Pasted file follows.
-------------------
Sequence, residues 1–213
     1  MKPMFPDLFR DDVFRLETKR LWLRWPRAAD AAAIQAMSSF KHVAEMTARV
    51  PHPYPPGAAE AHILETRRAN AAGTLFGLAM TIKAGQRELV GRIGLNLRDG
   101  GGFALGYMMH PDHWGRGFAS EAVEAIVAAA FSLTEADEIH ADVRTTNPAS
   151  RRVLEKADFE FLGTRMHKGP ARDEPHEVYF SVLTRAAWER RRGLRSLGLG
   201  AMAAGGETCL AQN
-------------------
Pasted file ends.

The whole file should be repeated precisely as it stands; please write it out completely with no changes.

Sequence, residues 1–213
     1  MKPMFPDLFR DDVFRLETKR LWLRWPRAAD AAAIQAMSSF KHVAEMTARV
    51  PHPYPPGAAE AHILETRRAN AAGTLFGLAM TIKAGQRELV GRIGLNLRDG
   101  GGFALGYMMH PDHWGRGFAS EAVEAIVAAA FSLTEADEIH ADVRTTNPAS
   151  RRVLEKADFE FLGTRMHKGP ARDEPHEVYF SVLTRAAWER RRGLRSLGLG
   201  AMAAGGETCL AQN